With its stunning iridescent waters, soft white sands and peculiar boulders lining the ocean side, it is no doubt that Tayrona National Park is one of Colombia’s top tourist attractions. Tayrona is situated on Colombia’s Caribbean coast just a 1 hour bus ride from the city of Santa Marta. If you are interested in spending a few relaxing days in Tayrona National Park here are 9 things to expect during your trip to make it run a little smoother.
The Journey is hyped up to be a tough trek…it’s more of a friendly hike
The journey into the park as far as Cabo San Juan is rumoured to be a lot tougher than it actually is. Contrary to popular belief, it is not a 5-6 hour rock climbing high intensity trek. It is more of a 2 hour leisurely walk through heavily manicured jungle paths. I know I was expecting much more but ended up trading my hikers for flip flops half way through as we walked along wooden board walks, up and down stairs and even along the beach. It is a hot and sweaty walk, but then again, what’s not in Santa Marta. You can grab lunch in restaurants along the way, stop for fresh squeezed juice or take a swim at another beach, but there is no reason to expect physically demanding intensity on this walk.
Take the Mini Bus into the Jungle entrance
Once you arrive at the park entrance and pay your $38,000 pesos, the entrance to the actual jungle path is a 45min to 1 hour walk down a paved road. If you are carrying heavy backpacks and are not that interested in exploring asphalt, you can take a mini bus. These are located 100 meters from the entrance for $3,000 pesos which saves some time…and your feet.
If you are social, head to Cabo San Juan
There are a few different camp sites along Tayrona’s jungle path, one being only a 30 minute walk in. If you are a social person however, then Cabo San Juan is the camp for you. The other 3 camps are very, very quiet and with limited electricity, a little extra quiet. If you are interested in beach games, meeting people and a restaurant, then head to Cabo San Juan.
There is a restaurant, it is expensive and you will eventually get tired of fried food
Do your best to be camping prepared. That means bring PLENTLY of water and pack some food. You can buy 5 litres of water in Santa Marta for the same price as 1.5 litres in Tayrona. Although there is a restaurant at Cabo San Juan, it is fairly expensive, charging about 10-15USD per meal, and it is all deep fried. Your stomach will likely get tired of having fried fish/chicken next to fries next to patacones for every meal. Pack a dinner or two, some sandwiches for lunch and some granola for breakfast…I promise you, you will not regret it. There are absolutely no cooking facilities available so remember to prepare it all before you get there. It is also wise to bring some snacks for the day.
If you want a hammock in the gazebo… you must arrive really early
You know the iconic picture of Tayrona National Park. It shows a gazebo up on top of rocks overlooking the ocean with 360 ° view. You can stay in a hammock up there if you are aware. Hammocks in Tayrona are given on a first come first served basis. So if staying in the gazebo is important to you, you must arrive very early. You have around 30 minutes after 9:00 check out to arrive if you want a spot up there.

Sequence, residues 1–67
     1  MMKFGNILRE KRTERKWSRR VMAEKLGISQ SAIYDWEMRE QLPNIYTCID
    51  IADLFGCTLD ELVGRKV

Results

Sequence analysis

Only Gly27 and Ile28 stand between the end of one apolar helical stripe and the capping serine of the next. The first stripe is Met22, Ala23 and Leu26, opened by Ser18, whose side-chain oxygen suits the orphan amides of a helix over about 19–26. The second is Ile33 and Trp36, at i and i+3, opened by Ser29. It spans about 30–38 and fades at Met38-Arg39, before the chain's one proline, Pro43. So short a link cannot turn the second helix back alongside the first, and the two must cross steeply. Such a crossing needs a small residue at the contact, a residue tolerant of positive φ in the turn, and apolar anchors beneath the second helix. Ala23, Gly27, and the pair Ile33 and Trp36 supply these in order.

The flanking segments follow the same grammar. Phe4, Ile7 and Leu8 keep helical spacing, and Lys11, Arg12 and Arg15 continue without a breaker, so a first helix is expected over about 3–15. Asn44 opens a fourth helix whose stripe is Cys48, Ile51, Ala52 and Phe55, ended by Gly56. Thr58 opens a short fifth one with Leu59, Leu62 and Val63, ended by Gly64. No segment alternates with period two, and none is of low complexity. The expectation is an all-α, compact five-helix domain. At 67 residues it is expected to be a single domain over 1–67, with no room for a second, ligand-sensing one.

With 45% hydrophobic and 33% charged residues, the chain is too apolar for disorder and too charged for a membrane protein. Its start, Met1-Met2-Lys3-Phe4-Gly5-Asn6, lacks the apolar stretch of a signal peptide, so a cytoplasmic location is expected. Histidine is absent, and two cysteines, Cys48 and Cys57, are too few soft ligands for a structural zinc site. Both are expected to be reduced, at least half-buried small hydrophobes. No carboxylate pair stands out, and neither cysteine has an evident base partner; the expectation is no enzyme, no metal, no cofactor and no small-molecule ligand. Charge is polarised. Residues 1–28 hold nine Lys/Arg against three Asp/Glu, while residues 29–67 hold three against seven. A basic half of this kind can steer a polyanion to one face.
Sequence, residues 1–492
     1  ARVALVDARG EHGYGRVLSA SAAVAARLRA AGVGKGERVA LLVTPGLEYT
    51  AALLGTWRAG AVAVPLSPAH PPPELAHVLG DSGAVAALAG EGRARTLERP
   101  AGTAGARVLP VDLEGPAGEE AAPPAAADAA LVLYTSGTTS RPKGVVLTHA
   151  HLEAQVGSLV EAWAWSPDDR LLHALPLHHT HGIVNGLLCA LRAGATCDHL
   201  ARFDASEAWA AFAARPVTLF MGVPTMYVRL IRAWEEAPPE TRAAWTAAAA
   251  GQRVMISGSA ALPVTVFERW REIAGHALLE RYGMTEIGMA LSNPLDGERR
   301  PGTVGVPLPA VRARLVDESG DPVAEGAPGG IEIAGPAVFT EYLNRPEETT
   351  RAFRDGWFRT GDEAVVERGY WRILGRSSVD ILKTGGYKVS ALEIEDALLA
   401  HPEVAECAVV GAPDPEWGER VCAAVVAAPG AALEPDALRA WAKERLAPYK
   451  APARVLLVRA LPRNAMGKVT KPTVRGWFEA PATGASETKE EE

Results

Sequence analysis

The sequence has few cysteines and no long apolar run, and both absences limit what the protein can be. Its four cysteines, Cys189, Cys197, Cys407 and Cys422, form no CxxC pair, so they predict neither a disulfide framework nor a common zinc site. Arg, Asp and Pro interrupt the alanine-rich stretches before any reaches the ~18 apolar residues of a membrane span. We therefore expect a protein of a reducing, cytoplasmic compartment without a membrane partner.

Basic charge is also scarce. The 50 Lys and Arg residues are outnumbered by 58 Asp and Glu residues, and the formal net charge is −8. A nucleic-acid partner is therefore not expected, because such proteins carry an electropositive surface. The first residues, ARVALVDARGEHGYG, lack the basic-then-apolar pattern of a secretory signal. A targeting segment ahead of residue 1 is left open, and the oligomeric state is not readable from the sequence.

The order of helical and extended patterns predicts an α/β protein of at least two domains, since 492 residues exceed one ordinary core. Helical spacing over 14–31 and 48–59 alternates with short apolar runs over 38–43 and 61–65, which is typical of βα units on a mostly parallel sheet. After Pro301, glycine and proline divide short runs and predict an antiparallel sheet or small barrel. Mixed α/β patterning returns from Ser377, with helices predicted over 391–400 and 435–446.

It’s cold in the Gazebo…dress warm…and there is nowhere to pee
Yes, you are on Colombia’s Caribbean coast, and yes it is face melting hot during the day. However, it is very windy and exposed up in the gazebo making for a pretty chilly night. The ocean breeze gets cold so if you’re staying here, bring layers for the night. Having a sweater, pants, and socks will make for a better more comfortable experience.
Also if you are staying here you should know, the bathrooms are really far away. So if you need to use the bathroom at night, it is a long dark walk down the stairs, across the beach, through the restaurant and behind to get to the facilities. Although lacking that 360° ocean view, staying on the grounded hammocks might be a more comfortable option and you can head into the gazebo and deck to enjoy the view on your own at any time of day.
Bring a light with you, the electricity goes out at 11:00 at night, and its dark in the jungle
The electricity in the park is limited from 10:00am to 11:00pm and when the lights go out at night, it is dark. This makes for great star gazing, but for everything else it is wise to bring some kind of light with you. It will provide a way to light up the table to finish card games or to find the bathroom at night and maybe even also help to find your hammock/tent. However, going without power does cause you to disconnect from technology and to reconnect with those around you, so it’s not so bad…a perk of camping even!
Bring a book or cards, there is not much else to do in Tayrona but beach nap
Tayrona is beautiful. It is quiet, serene and relaxing. However, there is only so much laying on the beach one can do during the day until you start to feel like you’ve been in bed sleeping for 48 hours. Bring a good book to enjoy whilst you are in your off the grid surroundings. Cards are also a great idea for night time when it’s dark and everyone is hanging around. Tayrona is all about the beach, there is really not much else there. Shop my store to find things I use to occupy my time when I am all out of zen and the lights are out.
Don’t bother bringing alcohol, they often check and take it from you at the gate as it is not allowed.
That is right. I am sorry to say but you are not allowed to bring outside alcohol into the park. They check your bags at the entrance of the park and there are also check points within the park. Occasionally people manage to sneak it in or make their entire hike without being checked. It is up to you to decide if the risk of having your alcohol confiscated is worth the reward. Alternatively, you can buy beer from the small stores within the park for $5,000 pesos each.